COP22 begins next week, and the conference is receiving little love and attention from media compared to the high-spirited lead up to COP21 in Paris last year. But arguably COP22 is just as important for the international climate agenda. Here’s why:
- Approximately half of the 193 signatory parties
officially joined the Paris agreement. Certainly, the agreement did enter
into force much faster than expected (crossing the 55 party, 55% emissions
this month), but in order for the agreement to reach its goal of staying
“well below” 2 degrees Celsius, every country needs to formalize their commitments
so that their “Intended Nationally Determined Contributions”(INDC) are no
longer “intended”, but instead a definite reality. COP22 could be another boost
in momentum to do so. Or, if signatory countries don’t like the specifics agreed
upon in this conference, it could threaten to stall the ratification process
for some displeased countries.
even if a substantial level of ratification is achieved, the devil is in the
details. COP22’s goal is to look at the broad strokes that make up the Paris
Agreement and figure out how to make it feasible. Some of these details, like
the Green Climate Fund, may be contentious, but extremely important to
achieving emission goals. Notably, many developing countries listed dual commitments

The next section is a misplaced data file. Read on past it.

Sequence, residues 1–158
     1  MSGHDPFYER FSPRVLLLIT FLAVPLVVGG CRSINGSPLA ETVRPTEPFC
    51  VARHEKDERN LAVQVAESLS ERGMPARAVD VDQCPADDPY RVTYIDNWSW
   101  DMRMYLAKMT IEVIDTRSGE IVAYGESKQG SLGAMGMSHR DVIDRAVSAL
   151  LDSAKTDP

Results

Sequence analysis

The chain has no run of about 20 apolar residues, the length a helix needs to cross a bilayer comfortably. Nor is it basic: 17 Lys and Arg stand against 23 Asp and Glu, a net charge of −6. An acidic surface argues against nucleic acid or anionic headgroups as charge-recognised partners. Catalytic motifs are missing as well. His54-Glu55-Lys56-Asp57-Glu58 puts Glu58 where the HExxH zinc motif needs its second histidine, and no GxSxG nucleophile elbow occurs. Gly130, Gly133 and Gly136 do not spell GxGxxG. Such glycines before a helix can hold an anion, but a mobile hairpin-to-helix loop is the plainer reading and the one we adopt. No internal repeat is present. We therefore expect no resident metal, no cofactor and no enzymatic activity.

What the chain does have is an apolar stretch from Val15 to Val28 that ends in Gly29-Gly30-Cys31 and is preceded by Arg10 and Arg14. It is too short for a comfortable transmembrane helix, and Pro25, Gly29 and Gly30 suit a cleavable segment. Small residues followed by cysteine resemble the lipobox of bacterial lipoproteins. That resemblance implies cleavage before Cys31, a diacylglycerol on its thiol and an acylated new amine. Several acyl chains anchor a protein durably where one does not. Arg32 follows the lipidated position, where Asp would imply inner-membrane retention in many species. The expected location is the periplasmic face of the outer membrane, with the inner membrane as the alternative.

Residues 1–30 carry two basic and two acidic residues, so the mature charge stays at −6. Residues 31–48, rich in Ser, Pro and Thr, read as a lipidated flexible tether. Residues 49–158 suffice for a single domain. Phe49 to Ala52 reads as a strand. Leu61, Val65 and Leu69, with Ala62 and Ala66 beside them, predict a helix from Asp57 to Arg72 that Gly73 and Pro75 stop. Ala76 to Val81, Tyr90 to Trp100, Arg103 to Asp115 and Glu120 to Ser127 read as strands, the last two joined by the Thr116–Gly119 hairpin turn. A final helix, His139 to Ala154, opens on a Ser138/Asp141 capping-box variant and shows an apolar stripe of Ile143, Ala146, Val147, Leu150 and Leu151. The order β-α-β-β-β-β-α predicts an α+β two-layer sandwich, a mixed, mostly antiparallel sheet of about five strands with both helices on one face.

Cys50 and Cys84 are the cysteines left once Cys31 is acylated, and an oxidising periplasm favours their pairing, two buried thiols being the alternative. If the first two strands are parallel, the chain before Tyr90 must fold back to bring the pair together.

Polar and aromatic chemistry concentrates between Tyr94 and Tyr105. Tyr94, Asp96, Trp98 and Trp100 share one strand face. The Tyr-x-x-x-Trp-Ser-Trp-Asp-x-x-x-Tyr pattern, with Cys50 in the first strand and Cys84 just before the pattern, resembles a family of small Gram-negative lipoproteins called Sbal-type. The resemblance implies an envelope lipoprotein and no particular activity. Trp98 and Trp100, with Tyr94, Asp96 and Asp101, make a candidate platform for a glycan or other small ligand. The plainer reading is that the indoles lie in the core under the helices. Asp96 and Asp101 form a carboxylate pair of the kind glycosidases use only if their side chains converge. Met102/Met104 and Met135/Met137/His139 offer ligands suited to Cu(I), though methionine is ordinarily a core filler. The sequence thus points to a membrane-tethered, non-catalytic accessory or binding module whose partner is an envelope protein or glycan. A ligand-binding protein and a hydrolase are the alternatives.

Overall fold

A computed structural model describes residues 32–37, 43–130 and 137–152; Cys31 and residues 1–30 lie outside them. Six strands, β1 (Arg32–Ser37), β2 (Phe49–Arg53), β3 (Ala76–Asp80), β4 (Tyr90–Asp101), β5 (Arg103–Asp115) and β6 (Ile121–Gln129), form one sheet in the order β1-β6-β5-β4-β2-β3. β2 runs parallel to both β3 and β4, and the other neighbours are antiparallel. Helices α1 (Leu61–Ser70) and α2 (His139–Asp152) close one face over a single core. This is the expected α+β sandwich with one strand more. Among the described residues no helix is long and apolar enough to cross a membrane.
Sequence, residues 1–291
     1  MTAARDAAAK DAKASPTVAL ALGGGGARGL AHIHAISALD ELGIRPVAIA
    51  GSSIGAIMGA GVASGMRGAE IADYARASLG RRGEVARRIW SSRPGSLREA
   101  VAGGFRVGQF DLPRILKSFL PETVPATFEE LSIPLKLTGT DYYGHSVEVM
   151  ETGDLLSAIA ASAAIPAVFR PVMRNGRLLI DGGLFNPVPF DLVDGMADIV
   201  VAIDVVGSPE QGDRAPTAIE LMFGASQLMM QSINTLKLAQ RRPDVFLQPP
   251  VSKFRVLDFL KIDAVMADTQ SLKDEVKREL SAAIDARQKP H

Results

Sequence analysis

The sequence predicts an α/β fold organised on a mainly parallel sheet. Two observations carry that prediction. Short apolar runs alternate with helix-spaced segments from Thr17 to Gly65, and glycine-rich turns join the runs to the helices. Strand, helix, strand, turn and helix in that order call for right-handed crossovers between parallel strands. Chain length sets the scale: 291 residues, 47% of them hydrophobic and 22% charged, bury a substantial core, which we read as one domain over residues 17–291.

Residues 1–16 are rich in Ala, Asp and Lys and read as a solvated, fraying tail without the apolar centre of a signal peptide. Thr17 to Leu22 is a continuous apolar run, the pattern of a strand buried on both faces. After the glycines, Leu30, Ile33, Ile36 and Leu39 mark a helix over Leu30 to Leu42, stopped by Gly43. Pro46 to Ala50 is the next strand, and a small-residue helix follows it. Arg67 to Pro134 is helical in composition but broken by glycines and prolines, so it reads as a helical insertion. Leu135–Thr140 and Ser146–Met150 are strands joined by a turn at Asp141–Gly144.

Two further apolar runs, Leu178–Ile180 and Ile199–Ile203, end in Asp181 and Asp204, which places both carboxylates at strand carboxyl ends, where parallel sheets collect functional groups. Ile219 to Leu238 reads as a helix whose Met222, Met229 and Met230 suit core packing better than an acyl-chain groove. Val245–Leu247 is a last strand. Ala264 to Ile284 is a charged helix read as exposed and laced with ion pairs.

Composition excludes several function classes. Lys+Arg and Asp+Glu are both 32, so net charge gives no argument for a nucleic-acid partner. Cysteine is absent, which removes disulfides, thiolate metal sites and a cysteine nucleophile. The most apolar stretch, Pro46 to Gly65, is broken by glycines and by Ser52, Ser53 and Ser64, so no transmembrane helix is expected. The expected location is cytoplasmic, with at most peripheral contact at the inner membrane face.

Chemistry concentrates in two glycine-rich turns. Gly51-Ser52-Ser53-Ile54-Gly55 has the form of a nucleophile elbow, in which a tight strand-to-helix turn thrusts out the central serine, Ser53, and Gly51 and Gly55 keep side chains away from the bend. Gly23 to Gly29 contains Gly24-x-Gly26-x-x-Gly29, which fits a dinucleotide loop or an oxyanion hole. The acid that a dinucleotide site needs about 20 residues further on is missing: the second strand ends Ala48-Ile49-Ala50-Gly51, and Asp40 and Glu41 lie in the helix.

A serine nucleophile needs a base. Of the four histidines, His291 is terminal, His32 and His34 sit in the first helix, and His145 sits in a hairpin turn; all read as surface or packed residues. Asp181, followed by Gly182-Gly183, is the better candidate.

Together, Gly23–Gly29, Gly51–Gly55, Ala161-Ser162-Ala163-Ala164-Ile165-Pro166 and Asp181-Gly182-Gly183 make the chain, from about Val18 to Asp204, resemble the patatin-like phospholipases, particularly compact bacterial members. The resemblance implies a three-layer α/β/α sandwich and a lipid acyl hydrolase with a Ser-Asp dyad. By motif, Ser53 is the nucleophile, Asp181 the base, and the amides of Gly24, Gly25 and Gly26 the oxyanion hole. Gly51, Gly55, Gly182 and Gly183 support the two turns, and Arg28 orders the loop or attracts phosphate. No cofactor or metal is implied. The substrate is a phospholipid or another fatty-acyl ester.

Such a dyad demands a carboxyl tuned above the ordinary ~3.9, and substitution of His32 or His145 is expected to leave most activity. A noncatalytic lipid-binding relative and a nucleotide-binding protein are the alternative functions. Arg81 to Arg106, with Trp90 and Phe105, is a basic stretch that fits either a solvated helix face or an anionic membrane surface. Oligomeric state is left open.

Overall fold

for 2030 dependent upon the level of international aid they receive. For
example, in Jordan’s INDCs
they said they could reduce greenhouse gases by 1.5% on their own, but they
committed to reducing an additional 12.5% by 2030 conditional on receiving
enough international climate aid. So a reliable Green Climate Fund with
sufficient funds is essential to a significant proportion of developing countries
emission reductions – and crucial in order to stay below 2 degrees Celsius.
will also need to figure out the mechanisms for transferring billions of
dollars annually in climate financing, especially to countries with corrupt governments.
Even North Korea signed the Paris Agreement and conditionally committed
to reducing 32.25% of emissions by 2030 contingent upon international support. But
many countries across the world, including the US, have debated
the consequences of providing aid to North Korea, even for food assistance during
times of extreme famine. It will be a large task for the international
community to find a way to ensure funds are used appropriately.
COP22 will be looking for a generally accepted way to monitor and report
emissions. Many countries across the world value national privacy, but the
future success of the Paris Agreement relies on at least partial emissions
transparency to reliably track progress. Significantly, China and the US have
levels of cooperation for the Paris Agreement, which will hopefully bring a
mutually-accepted monitoring practice for transparent and private governments
In all, the international community at COP22 has a lot of work to do, so give them some well-deserved love.